With traditional heating systems, a simple relay is used to turn the boiler on or off. When the boiler is on, it heats water and your home to the pre-set temperature until the thermostat tells it to turn off. However radiators turned on to full power can often overpass the temperature set. As a result, the thermostat waits until the temperature falls, before starting the boiler at maximum power again. This is not the most efficient way to keep a comfortable home.
Thanks to OpenTherm, a user can get a real and accurate idea about what is happening to the boiler. In fact, it gives a digital and friendly interface that allows the thermostat to change the temperature of the water used for heating. Using a process called modulation OpenTherm boilers can reduce water temperature to balance out natural heat loss through windows, walls, roofs and doors.
As almost all smart thermostats understand how long a house takes to warm up completely, they can measure the heat required to get a house up to the ideal temperature. Therefore, a thermostat can set the boiler to the most efficient water temperature to achieve the comfort needed.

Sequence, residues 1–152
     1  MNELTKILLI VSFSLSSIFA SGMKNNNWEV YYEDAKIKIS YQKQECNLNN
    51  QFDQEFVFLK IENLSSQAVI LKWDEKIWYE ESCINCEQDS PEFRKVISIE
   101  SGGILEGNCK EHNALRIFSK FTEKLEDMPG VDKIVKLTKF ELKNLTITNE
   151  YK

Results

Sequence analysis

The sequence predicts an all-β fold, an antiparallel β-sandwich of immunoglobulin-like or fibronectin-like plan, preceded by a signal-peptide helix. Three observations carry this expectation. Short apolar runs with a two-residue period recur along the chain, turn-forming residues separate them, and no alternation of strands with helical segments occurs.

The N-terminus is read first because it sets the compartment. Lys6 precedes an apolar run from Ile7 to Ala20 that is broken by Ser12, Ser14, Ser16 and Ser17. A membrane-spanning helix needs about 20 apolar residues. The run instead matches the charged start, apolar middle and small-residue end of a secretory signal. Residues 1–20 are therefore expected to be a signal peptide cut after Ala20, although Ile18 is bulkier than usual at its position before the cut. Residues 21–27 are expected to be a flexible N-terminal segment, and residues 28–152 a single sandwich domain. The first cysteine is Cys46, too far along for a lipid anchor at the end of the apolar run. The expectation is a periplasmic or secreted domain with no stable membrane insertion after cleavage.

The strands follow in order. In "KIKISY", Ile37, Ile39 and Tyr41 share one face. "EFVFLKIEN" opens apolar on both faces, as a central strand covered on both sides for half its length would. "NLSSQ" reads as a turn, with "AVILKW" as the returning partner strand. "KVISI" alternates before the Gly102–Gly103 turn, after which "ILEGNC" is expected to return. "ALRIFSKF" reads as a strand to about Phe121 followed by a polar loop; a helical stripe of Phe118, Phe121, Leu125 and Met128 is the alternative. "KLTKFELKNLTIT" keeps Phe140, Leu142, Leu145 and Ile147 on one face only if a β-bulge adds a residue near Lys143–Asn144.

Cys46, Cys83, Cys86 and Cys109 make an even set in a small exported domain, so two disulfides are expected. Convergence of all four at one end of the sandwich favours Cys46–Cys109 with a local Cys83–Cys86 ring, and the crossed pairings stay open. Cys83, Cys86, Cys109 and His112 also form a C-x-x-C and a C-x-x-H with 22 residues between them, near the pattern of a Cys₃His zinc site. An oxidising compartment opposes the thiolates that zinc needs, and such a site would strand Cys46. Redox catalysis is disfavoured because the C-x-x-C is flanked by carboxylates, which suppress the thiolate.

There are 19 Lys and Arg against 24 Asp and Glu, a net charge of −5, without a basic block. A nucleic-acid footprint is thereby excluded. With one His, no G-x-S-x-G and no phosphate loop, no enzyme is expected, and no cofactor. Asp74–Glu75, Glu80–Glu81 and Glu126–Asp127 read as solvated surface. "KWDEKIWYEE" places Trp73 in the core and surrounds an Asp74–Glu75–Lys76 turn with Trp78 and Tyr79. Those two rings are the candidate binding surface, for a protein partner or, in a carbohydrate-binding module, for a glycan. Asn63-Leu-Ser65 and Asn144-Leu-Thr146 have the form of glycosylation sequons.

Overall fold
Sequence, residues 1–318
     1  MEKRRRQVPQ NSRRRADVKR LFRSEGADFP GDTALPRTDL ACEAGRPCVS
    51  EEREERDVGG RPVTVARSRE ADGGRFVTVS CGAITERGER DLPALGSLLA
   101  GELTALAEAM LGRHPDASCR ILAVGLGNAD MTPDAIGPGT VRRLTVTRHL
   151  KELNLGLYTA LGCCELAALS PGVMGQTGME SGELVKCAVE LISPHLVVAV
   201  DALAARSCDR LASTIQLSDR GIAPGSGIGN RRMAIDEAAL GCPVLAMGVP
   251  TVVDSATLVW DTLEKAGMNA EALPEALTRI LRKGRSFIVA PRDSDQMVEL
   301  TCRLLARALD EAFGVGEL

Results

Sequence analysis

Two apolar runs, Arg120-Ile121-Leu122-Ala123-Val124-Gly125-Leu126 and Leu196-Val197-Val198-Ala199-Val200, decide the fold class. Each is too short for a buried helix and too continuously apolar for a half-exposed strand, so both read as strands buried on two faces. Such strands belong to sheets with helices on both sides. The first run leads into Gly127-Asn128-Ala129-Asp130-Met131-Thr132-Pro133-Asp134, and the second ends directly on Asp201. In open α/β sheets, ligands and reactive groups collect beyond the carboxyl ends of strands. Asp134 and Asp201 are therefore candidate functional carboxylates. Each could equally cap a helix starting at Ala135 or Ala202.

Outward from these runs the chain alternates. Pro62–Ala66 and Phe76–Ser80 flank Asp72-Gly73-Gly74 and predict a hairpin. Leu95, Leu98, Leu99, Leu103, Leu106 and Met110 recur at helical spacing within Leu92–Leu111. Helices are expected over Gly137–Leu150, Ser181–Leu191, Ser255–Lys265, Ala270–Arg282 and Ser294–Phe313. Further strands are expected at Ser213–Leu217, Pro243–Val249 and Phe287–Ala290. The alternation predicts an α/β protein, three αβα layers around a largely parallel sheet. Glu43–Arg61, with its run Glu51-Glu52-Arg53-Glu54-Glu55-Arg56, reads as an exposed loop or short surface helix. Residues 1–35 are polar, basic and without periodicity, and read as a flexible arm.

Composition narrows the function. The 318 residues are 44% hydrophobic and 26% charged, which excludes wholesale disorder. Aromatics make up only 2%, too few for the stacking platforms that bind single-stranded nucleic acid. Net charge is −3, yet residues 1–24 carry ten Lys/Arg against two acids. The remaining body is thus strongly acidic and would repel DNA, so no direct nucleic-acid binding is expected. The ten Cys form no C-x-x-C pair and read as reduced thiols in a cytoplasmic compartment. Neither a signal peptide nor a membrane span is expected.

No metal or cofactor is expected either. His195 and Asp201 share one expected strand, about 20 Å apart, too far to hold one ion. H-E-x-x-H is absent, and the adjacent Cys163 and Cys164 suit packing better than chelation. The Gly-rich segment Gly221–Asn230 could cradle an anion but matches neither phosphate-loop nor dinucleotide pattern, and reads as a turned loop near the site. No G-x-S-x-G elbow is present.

Even more, in many cases, thermostats may set the water temperature to a lower level, using longer heating times to reach the set temperature. Despite how this sounds, longer heating times do not necessarily mean more energy is being used, in fact, this type of heating control can save more energy and be more efficient overall.
OpenTherm communication is digital and bi-directional between the controller (called master) and the boiler (called slave) so how does it work?
Master controllers can come from different sources, but at this point we are going to stop on two:
A Thermostat. It will use its inbuilt smart algorithms to tell the boiler when to change its target water temperature so that it will use more or less energy as needed.
A Gateway or multi point to point. This is a new feature from specification 2.4 that also describes how more than two devices (boiler-thermostat) can be connected by OpenTherm. Whilst OpenTherm is a point-to-point connection, an extra device (gateway) is added between the master and the slave. This gateway has 1 slave and 1 (or more) master interfaces. The gateway controls which data is passed to the slave.
Does OpenTherm save money on the energy bill?
It is really difficult to give an exact figure as it will depend on the home, the number of radiators, heating temperature and the existence or not of smart radiator valves. There are studies that confirm that it can save around 6% energy.